Devaluation of the pound has cost the military over £1.7 billion in two years, according to a group campaigning for a second referendum.
A report by 'People's Vote' says new aircraft could cost an extra £22 million each after a tough period for the pound (Picture: MOD).
The Ministry of Defence is losing hundreds of millions of pounds a year in procurement costs because of changes in the value of the pound since the Brexit referendum, new analysis suggests.
The devaluation of the pound has cost the armed forces more than £1.7 billion over the last two years, suggest findings by the People's Vote campaign, which calls for a second referendum.
The group compared the UK's average spend on military equipment imports over the last five years with the average exchange rate in 2017 and 2018, and the exchange rate just before the Brexit referendum.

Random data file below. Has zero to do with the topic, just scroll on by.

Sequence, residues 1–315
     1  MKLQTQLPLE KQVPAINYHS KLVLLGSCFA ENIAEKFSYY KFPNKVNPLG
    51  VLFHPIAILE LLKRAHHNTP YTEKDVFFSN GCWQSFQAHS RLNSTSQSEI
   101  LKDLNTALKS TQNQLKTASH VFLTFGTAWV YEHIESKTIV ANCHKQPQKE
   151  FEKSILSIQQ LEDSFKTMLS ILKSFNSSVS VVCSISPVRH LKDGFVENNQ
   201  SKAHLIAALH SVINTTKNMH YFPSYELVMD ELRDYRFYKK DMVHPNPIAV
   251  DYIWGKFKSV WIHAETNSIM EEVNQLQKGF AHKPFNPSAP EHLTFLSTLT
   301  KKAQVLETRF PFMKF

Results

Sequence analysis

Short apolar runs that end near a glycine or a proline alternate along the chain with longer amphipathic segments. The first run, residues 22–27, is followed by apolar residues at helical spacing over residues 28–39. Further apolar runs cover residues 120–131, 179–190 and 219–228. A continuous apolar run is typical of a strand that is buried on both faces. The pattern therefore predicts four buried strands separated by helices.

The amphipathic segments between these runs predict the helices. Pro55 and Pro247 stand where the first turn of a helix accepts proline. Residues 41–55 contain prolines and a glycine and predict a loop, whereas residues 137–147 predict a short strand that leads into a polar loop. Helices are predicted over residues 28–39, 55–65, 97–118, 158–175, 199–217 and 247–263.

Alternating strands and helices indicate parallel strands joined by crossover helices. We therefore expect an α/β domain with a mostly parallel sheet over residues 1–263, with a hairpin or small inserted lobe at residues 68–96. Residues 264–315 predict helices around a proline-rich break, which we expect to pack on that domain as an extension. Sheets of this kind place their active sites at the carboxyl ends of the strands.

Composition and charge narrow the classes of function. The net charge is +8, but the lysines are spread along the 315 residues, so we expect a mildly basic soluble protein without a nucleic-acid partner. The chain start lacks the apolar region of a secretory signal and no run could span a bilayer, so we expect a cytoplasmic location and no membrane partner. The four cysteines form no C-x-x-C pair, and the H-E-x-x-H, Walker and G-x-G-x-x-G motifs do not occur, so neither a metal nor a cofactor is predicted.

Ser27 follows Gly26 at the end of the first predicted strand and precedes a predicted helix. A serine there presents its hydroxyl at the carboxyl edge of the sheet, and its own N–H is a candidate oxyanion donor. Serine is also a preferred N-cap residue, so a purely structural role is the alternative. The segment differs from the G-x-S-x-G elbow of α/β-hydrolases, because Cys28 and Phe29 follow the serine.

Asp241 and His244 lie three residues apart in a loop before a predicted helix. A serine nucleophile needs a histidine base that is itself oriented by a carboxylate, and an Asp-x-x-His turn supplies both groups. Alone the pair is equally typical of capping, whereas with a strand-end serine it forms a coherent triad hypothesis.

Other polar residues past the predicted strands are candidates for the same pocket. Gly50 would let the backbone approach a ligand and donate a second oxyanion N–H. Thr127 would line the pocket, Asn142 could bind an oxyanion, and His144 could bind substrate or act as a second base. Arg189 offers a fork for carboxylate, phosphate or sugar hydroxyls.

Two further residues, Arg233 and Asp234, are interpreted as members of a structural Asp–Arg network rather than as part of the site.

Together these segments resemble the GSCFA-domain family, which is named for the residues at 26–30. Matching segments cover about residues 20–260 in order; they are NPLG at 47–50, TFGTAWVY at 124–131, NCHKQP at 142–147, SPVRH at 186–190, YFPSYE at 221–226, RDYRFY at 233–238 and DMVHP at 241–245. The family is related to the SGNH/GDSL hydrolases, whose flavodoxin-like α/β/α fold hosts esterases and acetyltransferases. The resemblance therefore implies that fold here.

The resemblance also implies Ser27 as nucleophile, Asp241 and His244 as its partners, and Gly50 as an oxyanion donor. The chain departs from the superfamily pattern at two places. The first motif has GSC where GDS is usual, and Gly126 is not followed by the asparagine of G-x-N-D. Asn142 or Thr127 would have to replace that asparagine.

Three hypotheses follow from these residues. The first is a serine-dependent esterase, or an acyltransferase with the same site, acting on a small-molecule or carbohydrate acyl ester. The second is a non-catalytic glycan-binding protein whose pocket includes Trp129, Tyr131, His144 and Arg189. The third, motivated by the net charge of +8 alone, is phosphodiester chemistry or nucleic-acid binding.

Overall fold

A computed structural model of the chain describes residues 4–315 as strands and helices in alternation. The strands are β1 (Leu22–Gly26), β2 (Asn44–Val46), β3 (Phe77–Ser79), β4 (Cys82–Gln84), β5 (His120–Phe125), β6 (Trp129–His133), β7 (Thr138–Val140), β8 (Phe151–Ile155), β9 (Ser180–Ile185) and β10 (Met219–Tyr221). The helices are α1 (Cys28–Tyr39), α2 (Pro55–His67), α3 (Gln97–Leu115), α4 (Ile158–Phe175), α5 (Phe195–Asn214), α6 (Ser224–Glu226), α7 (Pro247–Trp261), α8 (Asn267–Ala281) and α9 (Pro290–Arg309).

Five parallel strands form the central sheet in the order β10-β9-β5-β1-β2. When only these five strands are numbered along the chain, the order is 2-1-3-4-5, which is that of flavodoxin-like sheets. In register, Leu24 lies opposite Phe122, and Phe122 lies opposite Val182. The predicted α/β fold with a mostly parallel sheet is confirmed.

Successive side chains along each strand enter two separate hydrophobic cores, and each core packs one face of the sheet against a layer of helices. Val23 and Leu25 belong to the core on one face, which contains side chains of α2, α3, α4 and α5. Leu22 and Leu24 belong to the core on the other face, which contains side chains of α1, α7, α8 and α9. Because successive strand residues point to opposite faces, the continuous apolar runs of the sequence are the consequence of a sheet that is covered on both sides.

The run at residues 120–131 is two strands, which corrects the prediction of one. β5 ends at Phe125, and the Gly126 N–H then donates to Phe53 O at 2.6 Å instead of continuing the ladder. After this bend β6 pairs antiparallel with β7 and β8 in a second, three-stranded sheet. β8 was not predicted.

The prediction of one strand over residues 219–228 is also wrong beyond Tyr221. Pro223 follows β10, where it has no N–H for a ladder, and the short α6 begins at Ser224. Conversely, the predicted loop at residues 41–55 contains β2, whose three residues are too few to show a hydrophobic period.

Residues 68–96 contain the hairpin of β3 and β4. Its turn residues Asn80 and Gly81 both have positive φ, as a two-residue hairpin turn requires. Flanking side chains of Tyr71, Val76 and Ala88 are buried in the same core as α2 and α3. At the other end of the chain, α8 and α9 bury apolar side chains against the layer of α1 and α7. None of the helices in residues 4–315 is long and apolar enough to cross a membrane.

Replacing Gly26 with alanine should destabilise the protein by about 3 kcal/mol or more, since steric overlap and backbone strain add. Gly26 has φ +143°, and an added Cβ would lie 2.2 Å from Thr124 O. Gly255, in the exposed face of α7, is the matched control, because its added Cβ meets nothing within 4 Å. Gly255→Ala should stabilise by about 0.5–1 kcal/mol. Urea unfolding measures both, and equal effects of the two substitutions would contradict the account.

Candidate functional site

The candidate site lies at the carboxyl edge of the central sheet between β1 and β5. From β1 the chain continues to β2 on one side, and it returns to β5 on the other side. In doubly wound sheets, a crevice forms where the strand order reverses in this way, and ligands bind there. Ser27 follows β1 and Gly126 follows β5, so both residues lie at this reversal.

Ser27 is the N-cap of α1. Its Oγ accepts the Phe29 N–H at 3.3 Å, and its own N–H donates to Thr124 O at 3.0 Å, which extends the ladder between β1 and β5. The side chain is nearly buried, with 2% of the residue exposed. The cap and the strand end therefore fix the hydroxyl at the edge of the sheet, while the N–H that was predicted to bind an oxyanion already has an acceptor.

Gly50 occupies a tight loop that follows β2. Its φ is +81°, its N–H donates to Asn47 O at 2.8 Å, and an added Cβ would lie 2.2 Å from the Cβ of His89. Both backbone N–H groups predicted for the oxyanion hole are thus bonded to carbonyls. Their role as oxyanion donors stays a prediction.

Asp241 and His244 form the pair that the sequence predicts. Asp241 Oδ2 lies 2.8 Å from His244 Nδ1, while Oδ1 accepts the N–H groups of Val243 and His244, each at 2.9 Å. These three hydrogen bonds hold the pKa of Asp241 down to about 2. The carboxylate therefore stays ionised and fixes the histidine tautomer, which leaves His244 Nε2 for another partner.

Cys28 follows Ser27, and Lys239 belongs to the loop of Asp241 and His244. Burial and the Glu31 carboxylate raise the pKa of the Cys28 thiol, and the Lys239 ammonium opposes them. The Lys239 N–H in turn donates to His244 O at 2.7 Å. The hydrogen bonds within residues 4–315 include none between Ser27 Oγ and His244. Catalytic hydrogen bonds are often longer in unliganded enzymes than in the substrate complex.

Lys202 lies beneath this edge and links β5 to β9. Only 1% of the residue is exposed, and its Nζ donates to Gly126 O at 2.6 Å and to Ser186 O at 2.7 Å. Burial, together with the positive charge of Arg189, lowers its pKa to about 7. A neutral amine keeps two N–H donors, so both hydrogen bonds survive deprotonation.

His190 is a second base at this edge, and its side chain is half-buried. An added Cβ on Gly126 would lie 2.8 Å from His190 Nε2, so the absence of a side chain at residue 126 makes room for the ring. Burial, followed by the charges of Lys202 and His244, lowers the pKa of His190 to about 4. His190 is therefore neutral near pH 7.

The analysis suggested that a tough spell for the pound could mean F-35 fighter jets would cost an extra £22 million each.
Tory former defence minister Guto Bebb said it was "disastrous" that the MOD is being "forced to pay billions more for its equipment because of Brexit" in light of the analysis by the People's Vote campaign.
Mr Bebb said: "No-one voted for our armed forces to be underfunded but that's exactly what has happened.
"In a time of increasing global tension, it is disastrous that the MOD is being forced to pay billions more for its equipment because of Brexit, especially given that there's already a funding black hole."
A MOD spokesperson told Forces News: "The MOD, like any responsible large organisation, takes appropriate financial precautions in all its procurement contracts.
"Our defence budget and equipment plan include built-in contingencies and we carefully monitor fluctuations in currency markets to mitigate against changing exchange rates."